China neither denies nor confirms missile test

The Chinese Foreign Ministry says it is unaware of an anti-satellite missile test which is reported to have been carried out last week. A number of countries including the U.S. have said they are concerned by the allegations.

the U.S. intelligence agencies believe China conducted its first successful anti-satellite missile test on January 11.

The ballistic weapon is thought to have been launched from or near the Xichang Satellite Launch Centre and was carrying a so-called kinetic kill vehicle, which hit an old Chinese weather satellite almost 900 kilometers above Earth.

China, however, has refused to deny or confirm that it has tested a satellite-destroying missile.

Liu Jianchao, Chinese Foreign Ministry Spokesman, commented, “I can't say anything about the reports, I don't know. What I can say is that China advocates the peaceful use of space, and opposes the militarization of space and any form of arms race.”

Russian Defence Minister Sergei Ivanov voices doubts about the test, saying details are not clear.

Nevertheless, the United States, joined by Australia, Japan, Britain and others, have voiced their concern. They say the test triggers suspicions over China's motives in the region and are demanding an explanation.

Also, there are worries that China's experiment raises the risk of an arms race in outer space.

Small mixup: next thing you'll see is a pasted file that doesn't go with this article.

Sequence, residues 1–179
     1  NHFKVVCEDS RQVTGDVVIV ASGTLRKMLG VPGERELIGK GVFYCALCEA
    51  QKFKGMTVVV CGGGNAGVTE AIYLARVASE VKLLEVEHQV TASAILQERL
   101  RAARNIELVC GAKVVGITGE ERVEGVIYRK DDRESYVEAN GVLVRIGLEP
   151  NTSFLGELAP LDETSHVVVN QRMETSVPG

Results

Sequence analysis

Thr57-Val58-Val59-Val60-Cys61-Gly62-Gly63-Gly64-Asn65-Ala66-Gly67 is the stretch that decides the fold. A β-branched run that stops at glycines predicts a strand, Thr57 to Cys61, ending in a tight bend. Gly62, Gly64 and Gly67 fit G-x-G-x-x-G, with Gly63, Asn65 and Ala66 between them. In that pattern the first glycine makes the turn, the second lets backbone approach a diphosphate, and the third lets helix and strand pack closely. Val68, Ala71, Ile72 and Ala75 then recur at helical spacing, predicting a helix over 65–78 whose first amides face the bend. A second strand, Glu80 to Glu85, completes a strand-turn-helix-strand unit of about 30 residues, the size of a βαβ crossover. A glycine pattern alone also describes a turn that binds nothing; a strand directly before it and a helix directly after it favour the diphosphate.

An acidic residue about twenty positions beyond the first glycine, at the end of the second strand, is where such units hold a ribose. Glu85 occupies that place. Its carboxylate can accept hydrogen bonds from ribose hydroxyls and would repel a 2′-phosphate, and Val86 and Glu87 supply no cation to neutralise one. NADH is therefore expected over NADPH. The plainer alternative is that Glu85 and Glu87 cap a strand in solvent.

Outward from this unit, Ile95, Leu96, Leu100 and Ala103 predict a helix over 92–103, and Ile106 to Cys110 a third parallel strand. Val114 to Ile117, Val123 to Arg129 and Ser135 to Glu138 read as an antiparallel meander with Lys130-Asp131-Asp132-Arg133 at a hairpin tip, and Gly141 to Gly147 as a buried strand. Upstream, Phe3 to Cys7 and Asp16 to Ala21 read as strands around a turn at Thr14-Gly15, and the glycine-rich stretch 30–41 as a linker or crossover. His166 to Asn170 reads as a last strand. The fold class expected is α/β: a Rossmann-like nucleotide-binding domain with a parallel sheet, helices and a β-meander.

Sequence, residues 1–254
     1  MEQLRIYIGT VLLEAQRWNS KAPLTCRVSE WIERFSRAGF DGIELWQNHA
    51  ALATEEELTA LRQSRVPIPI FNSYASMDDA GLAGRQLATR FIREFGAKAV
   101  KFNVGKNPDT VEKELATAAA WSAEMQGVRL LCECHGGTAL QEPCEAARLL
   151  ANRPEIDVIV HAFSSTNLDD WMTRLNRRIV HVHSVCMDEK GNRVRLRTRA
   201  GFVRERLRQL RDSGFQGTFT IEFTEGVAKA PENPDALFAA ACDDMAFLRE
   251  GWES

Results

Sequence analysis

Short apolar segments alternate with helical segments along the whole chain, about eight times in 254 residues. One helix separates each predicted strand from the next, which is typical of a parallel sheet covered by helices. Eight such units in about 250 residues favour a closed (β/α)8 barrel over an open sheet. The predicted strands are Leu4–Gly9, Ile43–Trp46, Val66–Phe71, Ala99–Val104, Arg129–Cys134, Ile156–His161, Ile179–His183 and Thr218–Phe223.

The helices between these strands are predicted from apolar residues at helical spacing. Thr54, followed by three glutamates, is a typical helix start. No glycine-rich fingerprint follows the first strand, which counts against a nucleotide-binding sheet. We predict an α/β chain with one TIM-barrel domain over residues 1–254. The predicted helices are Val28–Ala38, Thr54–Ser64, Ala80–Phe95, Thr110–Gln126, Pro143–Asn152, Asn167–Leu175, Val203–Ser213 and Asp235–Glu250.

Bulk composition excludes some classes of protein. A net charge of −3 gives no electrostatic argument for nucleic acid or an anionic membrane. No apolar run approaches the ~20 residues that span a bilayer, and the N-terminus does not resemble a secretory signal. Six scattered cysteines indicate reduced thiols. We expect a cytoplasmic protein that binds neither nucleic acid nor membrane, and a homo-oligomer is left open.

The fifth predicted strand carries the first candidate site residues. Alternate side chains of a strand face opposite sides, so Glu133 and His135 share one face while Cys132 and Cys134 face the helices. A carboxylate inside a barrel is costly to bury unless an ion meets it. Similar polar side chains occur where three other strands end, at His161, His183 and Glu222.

Stephen Young, Senior Analyst from the Union of Concerned Scientists' Global Security Programme, USA, shared his view of the current situation.

He said that the fact that China launched a missile at one of their satellites in space is legal. However, ‘it’s not good, and the question is how to stop that’.

The analyst believes that ‘one of the ways is to try and develop the rules or, possibly, a treaty that would explain what is right and what is wrong’ in terms of usage of space. He also mentioned that China was offering a discussion of such a treaty. The U.S., however, ‘said no, which was a poor choice’.

Mr Young stressed that so far most countries, including the U.S.A. and Russia, have used space for peaceful purposes and ‘currently do not deploy systems that can attack satellites in space as this (Chinese) system is’.

‘We believe that Bush’s administration in the next budget, which will come out next month, will ask for money for so-called space based test bed  for a missile defense interceptor. That’d be the first time when the country has planned to base the weapon in space,’ he added.

However, the analyst is certain that even if such system was created, it would not be very effective as defence, but would be effective to attack own satellites.